The Leafs made it to the finals in Olmstead’s first two seasons in Toronto, but they lost both times against Bert’s old club from Montreal. But by 1961-’62, it was the Leafs year. They worked their way past the Rangers in 6 games in the first round, and then beat the defending champion Blackhawks in the finals in 6 games as well, with Don Simmons filling in admirably in net for the injured Johnny Bower. (That was one of my happiest moments as a young Leaf fan, the night they won the Cup in Chicago in a nerve-wracking finish. I well recall watching that game on our little black and white television...)
Perhaps a tad ironically, Olmstead’s impact in that Cup year (at least in the playoffs) was modest, in part because he was hurt at the time. (He played in only four playoff games and earned a single assist.) But in reality the grizzled veteran was also on his last legs, though he was “only” 35 at the time. (In those days, it was the relatively rare player who played until they were in their late 30s…)
He was placed on waivers in the summer of ’62, and picked up by the Rangers. But rather than start over again in a new city, Olmstead retired.
He later re-surfaced as the head coach of the expansion Oakland Seals in that franchise’s first NHL season in 1967-’68, and in fact coached a number of ex-Leafs including Kent Douglas and Wally Boyer, as well as former teammates Bobby Baun and Billy Harris, if I’m not mistaken. But he was not built to be behind the bench. Too intense, too unforgiving of mistakes, perhaps. I really don’t know.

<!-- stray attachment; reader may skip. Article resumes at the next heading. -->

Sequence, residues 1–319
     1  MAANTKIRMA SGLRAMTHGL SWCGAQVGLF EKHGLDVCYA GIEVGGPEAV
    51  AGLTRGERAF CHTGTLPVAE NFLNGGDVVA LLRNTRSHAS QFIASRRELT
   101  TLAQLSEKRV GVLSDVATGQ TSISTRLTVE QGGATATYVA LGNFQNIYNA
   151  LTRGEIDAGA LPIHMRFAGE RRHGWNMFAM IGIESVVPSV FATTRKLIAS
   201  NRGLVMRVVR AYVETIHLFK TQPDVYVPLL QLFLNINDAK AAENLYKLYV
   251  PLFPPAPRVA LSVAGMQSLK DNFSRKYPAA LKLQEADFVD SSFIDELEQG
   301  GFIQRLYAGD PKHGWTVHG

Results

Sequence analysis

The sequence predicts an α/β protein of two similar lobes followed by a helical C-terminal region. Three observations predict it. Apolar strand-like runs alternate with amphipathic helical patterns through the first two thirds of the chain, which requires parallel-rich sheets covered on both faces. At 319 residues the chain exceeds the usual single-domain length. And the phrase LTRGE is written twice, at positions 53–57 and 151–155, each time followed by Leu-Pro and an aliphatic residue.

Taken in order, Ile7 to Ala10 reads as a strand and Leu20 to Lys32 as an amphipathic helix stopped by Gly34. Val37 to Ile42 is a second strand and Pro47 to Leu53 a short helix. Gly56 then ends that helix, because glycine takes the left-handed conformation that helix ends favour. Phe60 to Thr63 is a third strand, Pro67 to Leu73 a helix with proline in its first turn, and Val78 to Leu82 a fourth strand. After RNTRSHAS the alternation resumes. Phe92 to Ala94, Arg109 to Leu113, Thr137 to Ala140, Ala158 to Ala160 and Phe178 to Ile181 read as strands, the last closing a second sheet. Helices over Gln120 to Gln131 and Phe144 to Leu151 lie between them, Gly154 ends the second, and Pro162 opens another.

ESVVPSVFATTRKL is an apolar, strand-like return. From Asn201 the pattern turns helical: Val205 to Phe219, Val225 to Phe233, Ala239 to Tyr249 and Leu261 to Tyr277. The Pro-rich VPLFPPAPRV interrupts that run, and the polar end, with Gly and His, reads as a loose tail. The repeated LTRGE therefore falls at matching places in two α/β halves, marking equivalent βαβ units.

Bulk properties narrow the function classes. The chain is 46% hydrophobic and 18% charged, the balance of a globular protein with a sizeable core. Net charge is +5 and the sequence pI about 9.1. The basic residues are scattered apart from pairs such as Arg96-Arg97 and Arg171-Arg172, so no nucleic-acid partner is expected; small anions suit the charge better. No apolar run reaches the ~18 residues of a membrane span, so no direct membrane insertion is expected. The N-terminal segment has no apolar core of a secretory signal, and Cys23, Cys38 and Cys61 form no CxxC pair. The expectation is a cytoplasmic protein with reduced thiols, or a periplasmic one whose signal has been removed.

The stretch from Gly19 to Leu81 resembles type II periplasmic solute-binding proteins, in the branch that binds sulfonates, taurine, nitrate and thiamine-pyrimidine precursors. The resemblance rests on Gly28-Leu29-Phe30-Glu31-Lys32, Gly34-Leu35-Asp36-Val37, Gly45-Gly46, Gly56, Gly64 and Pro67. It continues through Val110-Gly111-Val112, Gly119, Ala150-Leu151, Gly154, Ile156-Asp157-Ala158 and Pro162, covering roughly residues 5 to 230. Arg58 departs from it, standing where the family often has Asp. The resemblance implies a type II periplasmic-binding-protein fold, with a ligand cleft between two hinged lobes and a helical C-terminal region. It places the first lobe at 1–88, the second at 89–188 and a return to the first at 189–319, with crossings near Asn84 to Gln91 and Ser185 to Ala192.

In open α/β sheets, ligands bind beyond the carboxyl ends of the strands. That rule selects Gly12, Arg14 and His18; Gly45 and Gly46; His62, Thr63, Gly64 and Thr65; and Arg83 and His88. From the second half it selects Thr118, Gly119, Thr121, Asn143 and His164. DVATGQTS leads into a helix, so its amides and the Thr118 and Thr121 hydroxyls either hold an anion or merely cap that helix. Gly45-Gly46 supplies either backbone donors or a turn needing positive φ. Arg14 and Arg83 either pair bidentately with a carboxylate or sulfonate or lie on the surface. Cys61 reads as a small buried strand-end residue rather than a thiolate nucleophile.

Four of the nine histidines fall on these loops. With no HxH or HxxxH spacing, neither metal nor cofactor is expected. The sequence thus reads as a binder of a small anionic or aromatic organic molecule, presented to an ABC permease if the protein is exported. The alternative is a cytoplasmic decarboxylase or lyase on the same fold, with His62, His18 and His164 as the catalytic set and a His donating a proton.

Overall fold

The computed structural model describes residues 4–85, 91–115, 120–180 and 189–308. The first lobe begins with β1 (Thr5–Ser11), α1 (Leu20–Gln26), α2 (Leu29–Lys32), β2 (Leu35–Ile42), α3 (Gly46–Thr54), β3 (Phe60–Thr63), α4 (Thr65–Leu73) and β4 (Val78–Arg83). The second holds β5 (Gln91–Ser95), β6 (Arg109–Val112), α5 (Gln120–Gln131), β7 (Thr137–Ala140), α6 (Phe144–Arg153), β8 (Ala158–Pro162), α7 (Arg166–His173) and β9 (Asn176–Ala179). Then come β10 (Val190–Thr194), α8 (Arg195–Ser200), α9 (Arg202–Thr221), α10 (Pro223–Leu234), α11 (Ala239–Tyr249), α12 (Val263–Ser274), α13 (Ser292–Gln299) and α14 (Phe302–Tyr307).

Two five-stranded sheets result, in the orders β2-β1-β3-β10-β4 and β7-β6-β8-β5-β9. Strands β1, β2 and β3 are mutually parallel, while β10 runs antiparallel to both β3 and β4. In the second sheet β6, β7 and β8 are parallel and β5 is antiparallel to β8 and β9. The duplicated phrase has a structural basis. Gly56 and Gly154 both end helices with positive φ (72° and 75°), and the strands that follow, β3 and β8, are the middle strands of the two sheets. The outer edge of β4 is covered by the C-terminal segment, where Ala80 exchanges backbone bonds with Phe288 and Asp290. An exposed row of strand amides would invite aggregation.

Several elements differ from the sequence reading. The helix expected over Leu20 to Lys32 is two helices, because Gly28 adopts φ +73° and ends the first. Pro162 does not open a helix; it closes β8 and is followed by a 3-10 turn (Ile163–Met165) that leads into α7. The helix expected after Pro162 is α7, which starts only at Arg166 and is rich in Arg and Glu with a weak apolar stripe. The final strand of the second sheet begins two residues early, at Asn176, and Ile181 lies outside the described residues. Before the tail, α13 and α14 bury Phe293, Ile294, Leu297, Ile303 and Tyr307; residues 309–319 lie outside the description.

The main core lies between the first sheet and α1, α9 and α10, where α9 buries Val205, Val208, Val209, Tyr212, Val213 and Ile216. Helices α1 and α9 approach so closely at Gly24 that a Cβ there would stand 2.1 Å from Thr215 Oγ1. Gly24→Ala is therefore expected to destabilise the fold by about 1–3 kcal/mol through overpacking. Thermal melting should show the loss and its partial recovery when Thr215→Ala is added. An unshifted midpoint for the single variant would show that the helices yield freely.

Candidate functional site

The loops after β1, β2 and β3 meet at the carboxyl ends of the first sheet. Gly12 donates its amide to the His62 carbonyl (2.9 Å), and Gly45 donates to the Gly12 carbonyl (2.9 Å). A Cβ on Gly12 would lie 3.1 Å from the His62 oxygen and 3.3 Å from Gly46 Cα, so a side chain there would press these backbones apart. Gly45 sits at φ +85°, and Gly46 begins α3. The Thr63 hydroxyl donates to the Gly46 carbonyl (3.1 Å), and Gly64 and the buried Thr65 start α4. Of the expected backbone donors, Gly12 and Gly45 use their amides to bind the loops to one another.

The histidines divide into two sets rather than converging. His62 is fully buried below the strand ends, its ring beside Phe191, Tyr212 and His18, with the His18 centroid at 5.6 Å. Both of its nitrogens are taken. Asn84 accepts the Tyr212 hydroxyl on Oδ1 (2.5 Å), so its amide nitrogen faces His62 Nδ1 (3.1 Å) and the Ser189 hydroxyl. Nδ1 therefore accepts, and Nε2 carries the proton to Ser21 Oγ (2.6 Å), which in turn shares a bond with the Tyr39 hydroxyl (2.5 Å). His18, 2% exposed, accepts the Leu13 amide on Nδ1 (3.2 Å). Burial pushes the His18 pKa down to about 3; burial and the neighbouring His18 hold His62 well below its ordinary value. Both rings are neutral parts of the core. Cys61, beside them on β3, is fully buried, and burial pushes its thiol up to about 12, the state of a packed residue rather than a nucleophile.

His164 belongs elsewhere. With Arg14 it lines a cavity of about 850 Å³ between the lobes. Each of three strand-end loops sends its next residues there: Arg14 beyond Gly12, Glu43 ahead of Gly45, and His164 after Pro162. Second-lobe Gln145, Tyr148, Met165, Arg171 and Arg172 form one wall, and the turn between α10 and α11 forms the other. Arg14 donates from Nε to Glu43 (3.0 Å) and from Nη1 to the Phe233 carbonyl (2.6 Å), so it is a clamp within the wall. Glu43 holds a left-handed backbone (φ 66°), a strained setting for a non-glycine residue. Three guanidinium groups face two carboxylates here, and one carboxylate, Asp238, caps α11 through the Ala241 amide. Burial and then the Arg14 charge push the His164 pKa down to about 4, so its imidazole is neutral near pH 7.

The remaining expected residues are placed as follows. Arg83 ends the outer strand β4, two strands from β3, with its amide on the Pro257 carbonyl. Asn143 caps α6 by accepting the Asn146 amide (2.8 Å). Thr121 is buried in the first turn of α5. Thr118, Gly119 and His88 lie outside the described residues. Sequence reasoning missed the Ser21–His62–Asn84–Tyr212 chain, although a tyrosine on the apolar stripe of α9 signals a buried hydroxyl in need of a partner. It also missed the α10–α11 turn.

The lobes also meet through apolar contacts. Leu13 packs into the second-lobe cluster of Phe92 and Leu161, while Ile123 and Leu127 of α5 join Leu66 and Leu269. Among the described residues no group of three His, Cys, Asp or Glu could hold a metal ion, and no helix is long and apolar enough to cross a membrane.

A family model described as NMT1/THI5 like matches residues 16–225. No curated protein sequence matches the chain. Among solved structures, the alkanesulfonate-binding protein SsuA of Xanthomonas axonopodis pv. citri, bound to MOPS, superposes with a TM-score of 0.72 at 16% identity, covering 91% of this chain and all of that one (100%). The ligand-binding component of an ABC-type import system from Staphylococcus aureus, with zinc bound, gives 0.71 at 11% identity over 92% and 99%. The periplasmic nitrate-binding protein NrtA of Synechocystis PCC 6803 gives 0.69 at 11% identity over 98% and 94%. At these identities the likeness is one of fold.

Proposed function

Why this bit of nostalgia from me today? Well, as many of you know, I love writing about my memories of Leafs of the past from my youth. But I genuinely believe the Leafs could use a player much like Olmstead today. A true veteran—and a winner. Someone who could and would hold younger teammates accountable. Someone who was not just a “goon” who played three minutes a night, but a versatile, skilled player who also would crash into the corners, use his elbows and fight for the puck.
His career point totals (just over 600, and about 60 more in the playoffs) may seem modest by today’s standards, but in the context of the time, he was a marvelous player, and tough as they came.
Where can we find a guy with five Cups as well as skill, toughness and leadership on his resume now? I don’t know, but if the Leafs ever find someone like Olmstead, they should run to grab him. That’s the kind of guy that can teach you “how to win”.